StannahTalk, Watt Close, East Portway, Andover, Hampshire SP10 3SD
Talk about courage... We recently received communication from a courageous young man who suffered an unfortunate life-changing moment in 2009. He had pneumonia so badly that he spent seven months in hospital and left with a permanent tracheostomy and severely restricted mobility. Jonathan Gantley has written a book about all the people and companies that make his life possible day to day. He is one of our – the street was deserted except for us, my girls gave her a wave and she raised her hand in acknowledgement. They are now in their forties but have never forgotten that fleeting glimpse, when she appeared to wave first to them.
stairlift customers and we would like to help Jonathan and his family by sharing his story and hopefully encouraging a few of our readers to read his book too. Dear Stannah After writing my first book about life in hospital ( I spent 7 months in the Royal Brompton hospital in 2009), I thought I would write about all the visitors who come and visit me at home, Stannah being one of them. The book, Home Tales, shines a spotlight on all the professionals that I need to see and also the companies that deliver supplies to the house.
And Royal bloopers... One of our keen-eyed readers, Val Letham, noticed that we had a funny five minutes in our last issue and referred to Peter Phillips as the Queen’s nephew. He is, of course, the
You may be surprised at how many visitors we have and I thought it would be good for other companies to see how many others are involved in the complex care of someone with a tracheostomy. As far as Stannah are concerned I have my stairlift serviced regularly. If there is a problem with the stairlift then the engineer comes, usually very promptly. Without it I wouldn’t be able to go from my bedroom downstairs at all. My book is free of charge, as we have sponsorship from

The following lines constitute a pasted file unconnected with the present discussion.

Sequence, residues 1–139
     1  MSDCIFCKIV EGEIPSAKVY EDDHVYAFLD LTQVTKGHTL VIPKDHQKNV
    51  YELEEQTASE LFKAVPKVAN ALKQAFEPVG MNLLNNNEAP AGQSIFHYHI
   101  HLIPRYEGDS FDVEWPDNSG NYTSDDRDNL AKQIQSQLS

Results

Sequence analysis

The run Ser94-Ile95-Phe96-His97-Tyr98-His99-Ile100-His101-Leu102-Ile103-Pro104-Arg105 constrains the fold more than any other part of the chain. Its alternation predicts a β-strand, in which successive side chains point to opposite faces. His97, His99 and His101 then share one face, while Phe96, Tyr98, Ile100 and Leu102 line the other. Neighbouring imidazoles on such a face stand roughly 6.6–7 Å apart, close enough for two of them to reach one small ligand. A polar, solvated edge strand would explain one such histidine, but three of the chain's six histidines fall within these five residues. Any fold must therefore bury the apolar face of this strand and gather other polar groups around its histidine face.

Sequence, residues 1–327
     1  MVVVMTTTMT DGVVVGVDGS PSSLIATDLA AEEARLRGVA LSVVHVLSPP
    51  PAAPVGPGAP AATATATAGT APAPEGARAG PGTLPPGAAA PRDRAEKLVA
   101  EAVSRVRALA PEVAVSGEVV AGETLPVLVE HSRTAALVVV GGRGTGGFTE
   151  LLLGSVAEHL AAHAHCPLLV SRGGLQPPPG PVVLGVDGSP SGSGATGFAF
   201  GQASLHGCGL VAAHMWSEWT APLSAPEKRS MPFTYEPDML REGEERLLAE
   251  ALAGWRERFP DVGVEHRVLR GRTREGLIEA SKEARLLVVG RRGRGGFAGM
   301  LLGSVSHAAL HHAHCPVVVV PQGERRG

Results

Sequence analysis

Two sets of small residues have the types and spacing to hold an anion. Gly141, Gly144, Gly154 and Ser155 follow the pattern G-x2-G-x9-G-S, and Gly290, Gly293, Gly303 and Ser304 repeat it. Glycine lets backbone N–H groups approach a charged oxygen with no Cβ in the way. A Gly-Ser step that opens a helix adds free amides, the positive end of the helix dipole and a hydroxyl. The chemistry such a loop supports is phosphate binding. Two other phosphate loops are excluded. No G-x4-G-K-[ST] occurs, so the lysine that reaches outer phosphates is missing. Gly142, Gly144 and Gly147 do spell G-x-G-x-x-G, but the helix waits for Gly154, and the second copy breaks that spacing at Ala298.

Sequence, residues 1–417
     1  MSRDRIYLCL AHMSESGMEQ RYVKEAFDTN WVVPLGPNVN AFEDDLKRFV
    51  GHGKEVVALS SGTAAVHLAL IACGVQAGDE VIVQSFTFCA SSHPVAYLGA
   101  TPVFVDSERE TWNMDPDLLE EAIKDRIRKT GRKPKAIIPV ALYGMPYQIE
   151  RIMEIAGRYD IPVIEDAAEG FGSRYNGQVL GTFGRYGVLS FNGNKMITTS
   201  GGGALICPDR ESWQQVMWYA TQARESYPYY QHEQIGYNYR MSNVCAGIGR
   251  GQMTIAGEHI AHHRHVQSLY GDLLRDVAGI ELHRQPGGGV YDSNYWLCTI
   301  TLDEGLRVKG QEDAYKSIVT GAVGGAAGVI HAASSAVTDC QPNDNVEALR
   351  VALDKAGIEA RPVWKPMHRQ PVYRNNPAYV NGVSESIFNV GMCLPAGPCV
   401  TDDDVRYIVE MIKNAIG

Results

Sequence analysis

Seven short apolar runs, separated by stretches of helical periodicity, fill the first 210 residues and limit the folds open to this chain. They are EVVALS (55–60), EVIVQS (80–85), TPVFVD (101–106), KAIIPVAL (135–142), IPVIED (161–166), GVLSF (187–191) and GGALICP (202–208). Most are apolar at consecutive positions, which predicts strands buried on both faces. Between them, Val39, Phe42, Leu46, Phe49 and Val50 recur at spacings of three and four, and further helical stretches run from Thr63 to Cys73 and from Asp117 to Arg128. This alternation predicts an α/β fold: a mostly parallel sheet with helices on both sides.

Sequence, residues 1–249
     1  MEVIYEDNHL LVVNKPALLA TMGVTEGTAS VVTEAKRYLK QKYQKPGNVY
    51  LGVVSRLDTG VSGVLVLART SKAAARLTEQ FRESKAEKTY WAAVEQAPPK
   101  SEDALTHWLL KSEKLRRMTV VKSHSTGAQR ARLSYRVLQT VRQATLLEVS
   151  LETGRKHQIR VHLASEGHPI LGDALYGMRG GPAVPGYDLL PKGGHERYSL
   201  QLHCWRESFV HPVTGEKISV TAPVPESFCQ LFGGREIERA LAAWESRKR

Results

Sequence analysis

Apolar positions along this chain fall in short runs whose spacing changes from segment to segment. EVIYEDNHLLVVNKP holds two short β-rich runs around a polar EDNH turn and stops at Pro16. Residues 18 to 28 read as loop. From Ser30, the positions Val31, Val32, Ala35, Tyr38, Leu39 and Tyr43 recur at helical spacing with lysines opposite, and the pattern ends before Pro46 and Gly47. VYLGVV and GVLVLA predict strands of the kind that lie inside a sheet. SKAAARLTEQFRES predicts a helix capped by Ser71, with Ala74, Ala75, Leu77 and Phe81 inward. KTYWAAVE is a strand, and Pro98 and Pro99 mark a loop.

most of the companies featured in the book which has paid for the printing. Thanks to Stannah for their contribution! Already I have given copies to my local district nurses, friends and to all the companies who supported with sponsorship. So far it has been well received especially at the Royal Brompton hospital where they will use it for training and for patients going home with a tracheostomy.
If you would like a copy please email email@example.com
Queen’s eldest grandchild. Apologies if we caused any confusion – we must have been getting carried away with the Royal celebrations! Many thanks to Val for pointing out the error.
Angela Rowan Fulford, Sheffield Mrs Rowan had a Starla curved stairlift installed in January 2014 and wins an M&S hamper for her Royal memories.. Dear Sirs I was a patient in Great Ormond Street Hospital when I was about 5 or 6. The Queen was coming to visit. Great activity and bustle sitting up in my cot, sheets like cardboard, not to fidget or have toys. Matron stood at the bottom of my bed with a very old lady. “How are you today, little girl?”. I said I was waiting to see the Queen. Matron looked very unhappy. When Mother came to visit I told her that the old lady was wearing cobwebs and gob stoppers around her neck (grey lace and pearls!). Well Queens should be lovely with golden hair and a crown shouldn’t they....? Yours sincerely
The Stannah Salise homelift Here at Stannah we are constantly innovating in order to make our customers’ lives that little bit easier. Bringing together tried and trusted engineering with the latest in lift design, the Stannah Salise is a stylish, compact lift designed for the home.
Mrs Kitchen Clapham, Beds
The Salise eliminates the need for major structural work and makes having a lift at home a real option at last. Its ‘through-the-floor’ travel provides direct access over two floors, smoothly, quietly and safely.
Mrs Kitchen had a Saxon straight stairlift installed in September 2015.
For further information or a brochure giving full details please call us free on 0800 916 0380 or fill in the freepost card included with this issue of StannahTalk.
So what has made the difference to the UK performance?
about a summer of sporting success!
Experts say the enhanced performance is simply down to identifying talent earlier, training within an established schedule, making your diet fit the physiological demands of your sport. In other words, approaching your sport in a professional manner, through a recognised club… and enjoying it too.
Lottery funding? Did you enjoy the TV coverage of the Rio 2016 Olympics and Paralympics? We thought it was wonderful and who wouldn’t be inspired by the courage and ambition of the Paralympians who achieved amazing sporting performances that demonstrated ‘ability’ not ‘disability’. What an outstanding set of results for our UK athletes – did it make you proud to be British?